The extent of the attackers’ links with IS is often left vague and the claims seem opportunistic. But IS has instructed its supporters they do not need to join the group before carrying out an attack, telling them that it is enough simply to record a video or carry an IS flag to signal allegiance.

Another woman was injured outside the train as the man fled. Fourteen people were treated for shock.

The attack happened at about 21:15 (19:15 GMT) on the train which runs between Treuchlingen and Wuerzburg.

Police said the attacker had fled the train but was chased by officers who shot him dead.

One local man told DPA news agency that the train carriage where the attack took place had “looked like a slaughterhouse”.

In May, a man reportedly shouting “Allahu akbar” killed a man and wounded three others in a knife attack at a railway station near the German city of Munich.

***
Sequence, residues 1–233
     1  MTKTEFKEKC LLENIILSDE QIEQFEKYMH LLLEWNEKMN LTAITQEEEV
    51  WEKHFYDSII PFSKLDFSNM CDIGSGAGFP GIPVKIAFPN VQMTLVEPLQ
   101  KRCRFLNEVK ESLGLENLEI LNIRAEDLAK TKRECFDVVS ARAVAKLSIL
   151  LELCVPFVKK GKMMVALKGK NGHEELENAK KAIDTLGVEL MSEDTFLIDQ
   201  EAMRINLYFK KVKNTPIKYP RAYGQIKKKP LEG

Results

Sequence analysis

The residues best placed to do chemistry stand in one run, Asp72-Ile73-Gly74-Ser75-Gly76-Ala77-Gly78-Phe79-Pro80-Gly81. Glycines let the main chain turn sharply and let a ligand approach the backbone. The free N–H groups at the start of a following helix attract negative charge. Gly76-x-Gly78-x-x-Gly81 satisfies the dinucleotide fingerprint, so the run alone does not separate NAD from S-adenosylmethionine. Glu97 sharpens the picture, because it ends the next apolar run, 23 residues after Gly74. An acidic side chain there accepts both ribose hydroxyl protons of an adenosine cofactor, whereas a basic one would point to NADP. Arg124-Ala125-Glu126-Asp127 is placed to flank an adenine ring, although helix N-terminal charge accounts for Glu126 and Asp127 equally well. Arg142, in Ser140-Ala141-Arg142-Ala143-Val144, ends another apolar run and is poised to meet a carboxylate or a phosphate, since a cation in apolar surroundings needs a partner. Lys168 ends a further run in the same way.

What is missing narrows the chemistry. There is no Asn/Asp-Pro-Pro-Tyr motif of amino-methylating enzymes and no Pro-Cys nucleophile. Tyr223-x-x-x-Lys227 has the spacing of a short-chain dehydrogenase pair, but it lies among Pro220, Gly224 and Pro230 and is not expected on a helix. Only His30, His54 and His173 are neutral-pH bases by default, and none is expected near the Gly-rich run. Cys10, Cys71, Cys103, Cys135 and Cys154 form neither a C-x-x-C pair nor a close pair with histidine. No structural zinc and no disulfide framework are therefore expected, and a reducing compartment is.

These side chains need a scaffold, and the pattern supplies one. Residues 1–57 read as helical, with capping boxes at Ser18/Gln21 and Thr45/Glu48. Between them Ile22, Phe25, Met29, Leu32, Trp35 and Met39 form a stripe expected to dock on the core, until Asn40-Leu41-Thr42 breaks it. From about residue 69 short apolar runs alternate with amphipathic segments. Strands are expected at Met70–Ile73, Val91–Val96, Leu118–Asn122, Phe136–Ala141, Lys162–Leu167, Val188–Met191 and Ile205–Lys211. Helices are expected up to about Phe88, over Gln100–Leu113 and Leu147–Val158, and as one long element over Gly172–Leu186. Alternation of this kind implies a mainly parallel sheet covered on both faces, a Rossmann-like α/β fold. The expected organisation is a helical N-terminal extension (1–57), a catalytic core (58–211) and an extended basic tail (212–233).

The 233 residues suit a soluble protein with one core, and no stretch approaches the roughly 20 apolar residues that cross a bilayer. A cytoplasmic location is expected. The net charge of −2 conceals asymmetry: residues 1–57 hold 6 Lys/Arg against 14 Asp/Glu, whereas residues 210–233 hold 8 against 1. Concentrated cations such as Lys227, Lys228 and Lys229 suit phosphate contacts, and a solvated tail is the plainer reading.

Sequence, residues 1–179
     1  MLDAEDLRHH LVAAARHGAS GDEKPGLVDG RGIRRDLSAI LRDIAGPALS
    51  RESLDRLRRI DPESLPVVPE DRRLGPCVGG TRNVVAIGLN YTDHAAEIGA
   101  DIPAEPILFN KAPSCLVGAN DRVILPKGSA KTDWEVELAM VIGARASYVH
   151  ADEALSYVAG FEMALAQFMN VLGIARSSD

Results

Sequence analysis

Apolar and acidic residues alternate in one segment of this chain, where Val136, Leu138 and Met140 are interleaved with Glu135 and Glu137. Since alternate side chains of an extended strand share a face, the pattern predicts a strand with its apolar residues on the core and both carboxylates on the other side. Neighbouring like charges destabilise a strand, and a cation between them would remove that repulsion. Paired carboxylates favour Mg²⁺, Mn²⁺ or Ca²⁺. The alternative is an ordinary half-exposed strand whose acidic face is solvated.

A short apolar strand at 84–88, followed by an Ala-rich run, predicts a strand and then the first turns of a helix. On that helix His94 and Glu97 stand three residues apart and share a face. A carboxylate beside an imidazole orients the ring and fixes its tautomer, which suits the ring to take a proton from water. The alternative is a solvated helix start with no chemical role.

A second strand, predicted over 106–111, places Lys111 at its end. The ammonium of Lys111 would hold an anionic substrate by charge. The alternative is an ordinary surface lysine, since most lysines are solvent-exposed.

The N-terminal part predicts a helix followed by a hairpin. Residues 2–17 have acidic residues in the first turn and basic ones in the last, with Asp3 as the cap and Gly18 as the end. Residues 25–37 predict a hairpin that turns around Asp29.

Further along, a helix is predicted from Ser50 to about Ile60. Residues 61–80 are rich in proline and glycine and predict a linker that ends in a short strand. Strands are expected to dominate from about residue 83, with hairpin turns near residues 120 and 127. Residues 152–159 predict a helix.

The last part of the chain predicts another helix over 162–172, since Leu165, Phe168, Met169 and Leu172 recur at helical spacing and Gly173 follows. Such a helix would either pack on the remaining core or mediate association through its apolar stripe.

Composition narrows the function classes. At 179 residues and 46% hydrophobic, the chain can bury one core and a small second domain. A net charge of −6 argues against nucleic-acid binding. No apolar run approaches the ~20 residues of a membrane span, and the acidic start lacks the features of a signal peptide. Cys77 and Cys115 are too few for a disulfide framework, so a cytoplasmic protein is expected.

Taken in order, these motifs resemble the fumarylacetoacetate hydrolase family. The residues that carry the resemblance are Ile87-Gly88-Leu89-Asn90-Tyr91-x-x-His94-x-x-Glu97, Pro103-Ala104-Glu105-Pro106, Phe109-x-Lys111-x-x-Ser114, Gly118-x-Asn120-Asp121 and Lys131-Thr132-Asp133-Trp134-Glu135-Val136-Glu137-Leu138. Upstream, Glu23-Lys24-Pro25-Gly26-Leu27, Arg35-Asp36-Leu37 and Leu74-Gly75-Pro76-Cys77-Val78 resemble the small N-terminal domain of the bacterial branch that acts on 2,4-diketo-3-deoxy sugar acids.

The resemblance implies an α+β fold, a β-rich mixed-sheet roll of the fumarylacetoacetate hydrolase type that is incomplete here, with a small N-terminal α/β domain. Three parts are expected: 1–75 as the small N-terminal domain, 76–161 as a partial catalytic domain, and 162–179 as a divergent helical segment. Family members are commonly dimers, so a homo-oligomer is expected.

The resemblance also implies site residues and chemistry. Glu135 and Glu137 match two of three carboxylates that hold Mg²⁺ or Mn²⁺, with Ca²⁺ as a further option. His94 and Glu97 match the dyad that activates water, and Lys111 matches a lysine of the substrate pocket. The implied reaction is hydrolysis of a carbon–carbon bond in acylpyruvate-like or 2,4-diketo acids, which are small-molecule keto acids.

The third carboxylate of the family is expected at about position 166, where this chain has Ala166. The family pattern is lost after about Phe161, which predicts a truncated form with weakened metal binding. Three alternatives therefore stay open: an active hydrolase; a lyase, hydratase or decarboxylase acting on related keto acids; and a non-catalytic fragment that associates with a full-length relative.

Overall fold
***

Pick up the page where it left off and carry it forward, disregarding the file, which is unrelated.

He was later sent to a psychiatric hospital and authorities said they had found no links to Islamic extremism.


Image copyright EPA Image caption The IS-linked Amaq news agency said the teenager was an IS “fighter”
Image copyright EPA Image caption One witness said the train carriage “looked like a slaughterhouse”
Image copyright AP Image caption The body of the attacker is removed from the scene
Image copyright EPA Image caption The teenager lived in this facility in Ochsenfurt before transferring to a foster family

For more on this story and video go to: http://www.bbc.com/news/world-europe-36832909